Saturday, 14 April 2012

Review: Anne Hambleton - Raja, the Story of a Racehorse

Anne Hambleton: Raja, Story of a Racehorse
Old Bow Publishing, $12.95, distributed in the UK by Baker and Taylor


Anne Hambleton's website

Thank you to the author for sending me a copy of this book.

Raja is the story of an American race horse; it’s a throwback in that Raja is telling his own story, rather than it being seen from a human perspective. This is a risky format that has scuppered numerous authors (that legion of teenage girls writing “I remember the day when I was born....”) but this author has made a success of it. Raja has an authentic voice, and his story is gripping. The world of American racing is a new one to me, but the Anne Hambleton has the gift of not assuming you know what she’s talking about (something I need to learn) and has also included a decent glossary at the end in case you are flummoxed by any of the terminology. The author was an amateur steeplechase jockey, and rode in the Maryland Hunt Cup, which features in the story, so the detail is absolutely authentic.

Raja is a prince among horses: a Thoroughbred born in a Sheikh’s stud, of impeccable lineage, and destined it seems for greatness, particularly when it emerges he loves to race, and is incredibly good at it.  However, life does not work out neatly, and Raja’s doesn’t. He is terrified of lightning, and when a storm coincides with the start of a race, he has a terrible accident in the starting stalls. His owner does not give up on him, but just as Raja is about to resume training, political turmoil in his home state leads the Sheikh to up sticks and close his stables. Raja's next owner is a sympathetic one, but a further accident sees Raja start a downward spiral.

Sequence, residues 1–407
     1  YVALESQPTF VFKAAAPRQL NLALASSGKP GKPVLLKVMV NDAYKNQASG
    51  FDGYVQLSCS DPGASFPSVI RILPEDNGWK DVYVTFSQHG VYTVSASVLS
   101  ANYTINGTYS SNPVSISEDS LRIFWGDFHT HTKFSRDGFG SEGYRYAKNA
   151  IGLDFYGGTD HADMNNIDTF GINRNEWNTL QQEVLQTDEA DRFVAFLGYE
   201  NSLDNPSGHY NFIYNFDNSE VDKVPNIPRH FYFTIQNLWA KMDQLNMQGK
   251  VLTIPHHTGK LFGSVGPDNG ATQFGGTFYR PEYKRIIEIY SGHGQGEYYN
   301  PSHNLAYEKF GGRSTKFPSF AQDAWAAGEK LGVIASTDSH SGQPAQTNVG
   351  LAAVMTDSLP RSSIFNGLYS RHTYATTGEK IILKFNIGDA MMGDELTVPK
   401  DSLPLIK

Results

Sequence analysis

I like the way the author shows the way a horse’s career can switch in an instant, through an accident of fate, from international stardom to an all-too-believable appointment with the kill buyer. The author, beating a drum for organisations which rehabilitate racehorses, has Raja rescued. This book raises serious issues: what happens to the legion of Thoroughbreds who do not succeed as racehorses? To those who retire? It is just as much of an issue in the USA as in the UK. The author succeeds in making the reader think about the downsides of the racing game, without belabouring them with moral certainties.

That, allied to the strength of her portrayal of Raja, makes for a generally convincing and readable book. The risk with having a story told by a horse is that the human characters can sometimes appear somewhat one-dimensional; the people of this story tend to be either on the side of the angels or emphatically not, with not a great deal in between.  Princess Ayesha, daughter of the Sheikh was the worst: she seems to do little except swish her black hair, smell of gardenia and peppermint, attempt to avoid her bodyguards and cry over Raja.  She I could have done without. The rest of the book though I enjoyed: the plot is gripping, and Raja and his love of life are compelling.

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